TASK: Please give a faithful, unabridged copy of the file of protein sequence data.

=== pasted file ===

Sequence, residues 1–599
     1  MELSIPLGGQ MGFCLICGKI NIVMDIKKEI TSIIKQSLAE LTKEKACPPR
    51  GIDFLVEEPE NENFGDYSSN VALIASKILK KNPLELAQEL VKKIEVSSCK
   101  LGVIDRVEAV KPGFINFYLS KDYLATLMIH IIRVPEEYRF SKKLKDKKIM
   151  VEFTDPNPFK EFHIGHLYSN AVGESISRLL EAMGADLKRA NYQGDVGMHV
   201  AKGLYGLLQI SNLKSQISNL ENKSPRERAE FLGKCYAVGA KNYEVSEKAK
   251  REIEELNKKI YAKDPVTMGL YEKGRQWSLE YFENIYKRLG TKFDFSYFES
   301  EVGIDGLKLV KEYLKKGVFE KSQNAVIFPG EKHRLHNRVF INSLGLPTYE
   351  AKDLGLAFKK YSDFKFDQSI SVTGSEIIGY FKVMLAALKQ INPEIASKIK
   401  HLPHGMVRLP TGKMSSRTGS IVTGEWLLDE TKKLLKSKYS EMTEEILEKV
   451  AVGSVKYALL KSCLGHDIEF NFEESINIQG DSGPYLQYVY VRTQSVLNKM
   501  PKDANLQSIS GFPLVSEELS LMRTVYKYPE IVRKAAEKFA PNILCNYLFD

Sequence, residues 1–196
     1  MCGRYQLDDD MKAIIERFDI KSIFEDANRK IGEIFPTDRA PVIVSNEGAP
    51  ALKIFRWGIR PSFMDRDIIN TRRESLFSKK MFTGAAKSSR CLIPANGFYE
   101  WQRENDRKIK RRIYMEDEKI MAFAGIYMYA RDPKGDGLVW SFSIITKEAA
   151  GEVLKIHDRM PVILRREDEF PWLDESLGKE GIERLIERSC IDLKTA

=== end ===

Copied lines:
Sequence, residues 1–599
     1  MELSIPLGGQ MGFCLICGKI NIVMDIKKEI TSIIKQSLAE LTKEKACPPR
    51  GIDFLVEEPE NENFGDYSSN VALIASKILK KNPLELAQEL VKKIEVSSCK
   101  LGVIDRVEAV KPGFINFYLS KDYLATLMIH IIRVPEEYRF SKKLKDKKIM
   151  VEFTDPNPFK EFHIGHLYSN AVGESISRLL EAMGADLKRA NYQGDVGMHV
   201  AKGLYGLLQI SNLKSQISNL ENKSPRERAE FLGKCYAVGA KNYEVSEKAK
   251  REIEELNKKI YAKDPVTMGL YEKGRQWSLE YFENIYKRLG TKFDFSYFES
   301  EVGIDGLKLV KEYLKKGVFE KSQNAVIFPG EKHRLHNRVF INSLGLPTYE
   351  AKDLGLAFKK YSDFKFDQSI SVTGSEIIGY FKVMLAALKQ INPEIASKIK
   401  HLPHGMVRLP TGKMSSRTGS IVTGEWLLDE TKKLLKSKYS EMTEEILEKV
   451  AVGSVKYALL KSCLGHDIEF NFEESINIQG DSGPYLQYVY VRTQSVLNKM
   501  PKDANLQSIS GFPLVSEELS LMRTVYKYPE IVRKAAEKFA PNILCNYLFD

Sequence, residues 1–196
     1  MCGRYQLDDD MKAIIERFDI KSIFEDANRK IGEIFPTDRA PVIVSNEGAP
    51  ALKIFRWGIR PSFMDRDIIN TRRESLFSKK MFTGAAKSSR CLIPANGFYE
   101  WQRENDRKIK RRIYMEDEKI MAFAGIYMYA RDPKGDGLVW SFSIITKEAA
   151  GEVLKIHDRM PVILRREDEF PWLDESLGKE GIERLIERSC IDLKTA